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Seahawks’ NFC title hopes fade behind bad defense, Russell Wilson’s mistakes

The Seahawks are no longer the presumed NFC title favorites, and Russell Wilson soon might lose his tight hold on his first MVP award. After a 5-0 start, they have gone 1-2 in their past three games after a bye, with their issues on defense and Wilson’s turnover woes catching up to them.

The perfect storm hit Seattle in its 44-34 loss at Buffalo on Sunday. The Seahawks got their pass rush going with seven sacks against Josh Allen, but they also were ripped apart for 415 yards passing and three touchdowns as the Bills executed a ridiculously pass-happy game plan. Wilson answered with 390 passing yards, but he also had four giveaways to Allen’s none, which made the difference on the scoreboard.

PLAYOFF PICTURE: AFC, NFC standings after Week 9 games

In most of their games this season, the Seahawks have been able to overcome horrendous pass defense because of Wilson’s pinpoint downfield passing and hyper-efficiency. Looking back now, Seattle’s wins are against the Falcons, Panthers, Cowboys, Dolphins, Vikings and 49ers. Only Miami went into Week 9 with a winning record. The Seahawks’ two toughest tests were against the Cardinals and Bills, and they failed both of them in familiar fashion.

Buffalo’s output marked the most points Pete Carroll’s team has given up since he arrived in Seattle in 2010. That’s fresh off Arizona dropping 37 on it and short-handed San Francisco dropping 27. 

The Seahawks’ scoring defense was No. 24 in the league going into Week 9, at 28.4 points allowed per game. Among playoff contenders, the Titans and Saints were a little better in that category while the Raiders and Browns were a little worse. The average is now 30.4 points, a bottom-five figure that’s near the Jets, Vikings, Texans, Jaguars and Cowboys.

That’s not company with the 6-2 Buccaneers, 6-2 Packers and 5-2 Cardinals, is it? The Seahawks have struggled because of an unreliable front-four pass rush and a shaky secondary that’s especially weak at cornerback and has battled injuries. Carroll and defensive coordinator Ken Norton Jr. had to resort to blitzing to try to contain Allen, but it didn’t work as he burned them with his arm and legs between sacks.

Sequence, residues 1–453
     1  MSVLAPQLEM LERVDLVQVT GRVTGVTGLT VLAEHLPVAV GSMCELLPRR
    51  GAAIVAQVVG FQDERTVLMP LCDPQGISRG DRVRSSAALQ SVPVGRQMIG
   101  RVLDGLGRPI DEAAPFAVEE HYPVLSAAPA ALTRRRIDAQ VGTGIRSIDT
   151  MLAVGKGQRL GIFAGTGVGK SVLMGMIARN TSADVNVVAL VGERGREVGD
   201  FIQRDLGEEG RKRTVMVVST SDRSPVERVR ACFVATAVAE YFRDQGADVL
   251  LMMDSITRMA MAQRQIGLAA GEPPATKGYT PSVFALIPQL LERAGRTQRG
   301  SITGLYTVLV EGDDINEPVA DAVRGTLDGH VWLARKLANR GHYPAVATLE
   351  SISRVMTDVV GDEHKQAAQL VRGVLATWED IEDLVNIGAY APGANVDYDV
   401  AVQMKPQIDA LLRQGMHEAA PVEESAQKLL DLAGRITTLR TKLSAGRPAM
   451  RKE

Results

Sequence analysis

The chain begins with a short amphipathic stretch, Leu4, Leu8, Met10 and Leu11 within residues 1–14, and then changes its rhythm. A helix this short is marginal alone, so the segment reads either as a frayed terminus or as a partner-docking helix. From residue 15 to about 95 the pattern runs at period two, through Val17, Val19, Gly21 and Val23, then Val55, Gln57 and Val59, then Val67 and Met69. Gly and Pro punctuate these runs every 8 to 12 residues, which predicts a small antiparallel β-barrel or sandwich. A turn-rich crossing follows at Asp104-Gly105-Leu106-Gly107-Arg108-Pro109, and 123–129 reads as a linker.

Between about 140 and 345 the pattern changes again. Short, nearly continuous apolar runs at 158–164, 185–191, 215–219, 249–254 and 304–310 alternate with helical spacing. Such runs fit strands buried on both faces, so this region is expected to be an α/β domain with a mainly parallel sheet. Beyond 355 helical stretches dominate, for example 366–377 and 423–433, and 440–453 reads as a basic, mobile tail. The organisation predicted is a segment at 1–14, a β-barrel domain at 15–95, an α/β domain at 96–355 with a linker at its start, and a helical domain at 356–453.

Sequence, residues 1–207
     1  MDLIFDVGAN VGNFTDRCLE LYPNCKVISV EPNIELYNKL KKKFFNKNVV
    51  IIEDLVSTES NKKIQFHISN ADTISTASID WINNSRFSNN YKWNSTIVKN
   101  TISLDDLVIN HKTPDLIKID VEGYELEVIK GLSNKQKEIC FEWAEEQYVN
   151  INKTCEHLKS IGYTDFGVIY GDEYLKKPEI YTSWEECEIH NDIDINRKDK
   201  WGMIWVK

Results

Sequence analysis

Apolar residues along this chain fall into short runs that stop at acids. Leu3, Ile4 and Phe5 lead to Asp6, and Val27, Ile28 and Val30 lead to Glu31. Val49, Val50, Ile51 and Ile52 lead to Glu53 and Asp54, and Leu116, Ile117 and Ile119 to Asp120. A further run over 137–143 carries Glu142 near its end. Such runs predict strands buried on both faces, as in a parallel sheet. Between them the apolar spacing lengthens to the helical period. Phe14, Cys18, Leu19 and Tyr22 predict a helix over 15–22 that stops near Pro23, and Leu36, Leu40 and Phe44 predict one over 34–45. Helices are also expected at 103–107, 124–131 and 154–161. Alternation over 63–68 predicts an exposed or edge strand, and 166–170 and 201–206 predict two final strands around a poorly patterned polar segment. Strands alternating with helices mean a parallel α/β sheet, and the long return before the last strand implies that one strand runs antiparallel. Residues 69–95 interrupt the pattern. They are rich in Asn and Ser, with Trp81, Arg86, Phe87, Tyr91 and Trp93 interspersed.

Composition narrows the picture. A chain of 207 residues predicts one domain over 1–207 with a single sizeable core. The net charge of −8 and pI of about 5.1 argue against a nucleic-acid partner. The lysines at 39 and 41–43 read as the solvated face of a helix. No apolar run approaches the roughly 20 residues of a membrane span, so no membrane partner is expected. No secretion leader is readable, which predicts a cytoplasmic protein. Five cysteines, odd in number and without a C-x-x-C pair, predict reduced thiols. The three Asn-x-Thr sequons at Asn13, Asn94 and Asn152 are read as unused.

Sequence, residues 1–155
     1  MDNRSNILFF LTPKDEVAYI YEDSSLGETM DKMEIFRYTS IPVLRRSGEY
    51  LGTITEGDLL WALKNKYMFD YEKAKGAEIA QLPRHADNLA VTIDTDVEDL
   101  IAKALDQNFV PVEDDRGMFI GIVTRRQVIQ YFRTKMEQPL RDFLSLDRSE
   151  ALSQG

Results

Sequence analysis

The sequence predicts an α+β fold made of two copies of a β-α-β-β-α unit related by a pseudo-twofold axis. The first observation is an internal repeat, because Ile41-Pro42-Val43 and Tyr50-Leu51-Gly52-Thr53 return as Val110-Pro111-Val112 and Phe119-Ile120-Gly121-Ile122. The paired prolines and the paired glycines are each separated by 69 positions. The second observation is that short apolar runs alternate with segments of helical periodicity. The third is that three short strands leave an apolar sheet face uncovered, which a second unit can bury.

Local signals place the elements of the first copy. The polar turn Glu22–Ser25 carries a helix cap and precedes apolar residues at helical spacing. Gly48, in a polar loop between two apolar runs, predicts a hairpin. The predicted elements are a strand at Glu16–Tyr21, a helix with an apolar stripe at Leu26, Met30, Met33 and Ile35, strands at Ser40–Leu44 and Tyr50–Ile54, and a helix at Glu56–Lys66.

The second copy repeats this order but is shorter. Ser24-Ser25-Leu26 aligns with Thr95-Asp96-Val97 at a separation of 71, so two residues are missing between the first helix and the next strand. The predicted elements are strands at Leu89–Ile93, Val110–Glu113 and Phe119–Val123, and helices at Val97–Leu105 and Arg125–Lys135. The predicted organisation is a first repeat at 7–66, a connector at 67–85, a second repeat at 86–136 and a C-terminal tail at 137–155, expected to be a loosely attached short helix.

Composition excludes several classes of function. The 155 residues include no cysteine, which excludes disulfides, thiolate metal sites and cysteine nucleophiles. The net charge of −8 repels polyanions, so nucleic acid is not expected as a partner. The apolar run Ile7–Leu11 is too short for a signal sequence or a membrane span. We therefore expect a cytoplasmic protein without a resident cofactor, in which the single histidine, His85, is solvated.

Desperation is starting to set in on the defensive side. The Seahawks are still very good against the run, but the Bills were smart to aggressively attack them through the air. Carroll doesn’t like blitzing with his zone scheme because it exposes his cover men one-on-one. The front end and back end not getting the job done is mutually destructive.

As for Wilson, he’s on pace for a career-high 5,082 yards and 56 passing TDs but also a career-high 16 interceptions. Patrick Mahomes is on pace for 4,777 yards and 44 TDs, but he has thrown only one interception. The Chiefs also are starting to lean more on their one-time NFL MVP and reigning Super Bowl MVP.

There’s pressure on Wilson to be near-perfect because of the defense, and for the most part he has been. But he also has thrown pick-sixes, made bad decisions and held onto the ball too long trying to make things happen. The Seahawks also aren’t making their usual high impact in the running game with Chris Carson hurt and the blocking not being as stout.

The Seahawks simply cannot win games when Wilson is turning over the ball, because opposing offenses already have plenty of help in moving the ball and can light it up without having short fields and defensive scores. #LetRussCook has been very successful in terms of the astronomical passing numbers, but it has taken the Seahawks away from their needed winning formula of strong power running and ball control to better protect the defense.

Wilson has been amazing, but so have Aaron Rodgers and Tom Brady. Kyler Murray is a one-man video game. Drew Brees is finding ways to get it done. Carson Wentz is playing better and should continue to improve after the Eagles’ Week 9 bye. Everyone near the top of the NFC can score.

The conference will be won by the team that plays the best complementary defense, makes the fewest mistakes and limits yielding big plays. The Seahawks are not looking like that team in the second half of the season — and they might never have been.

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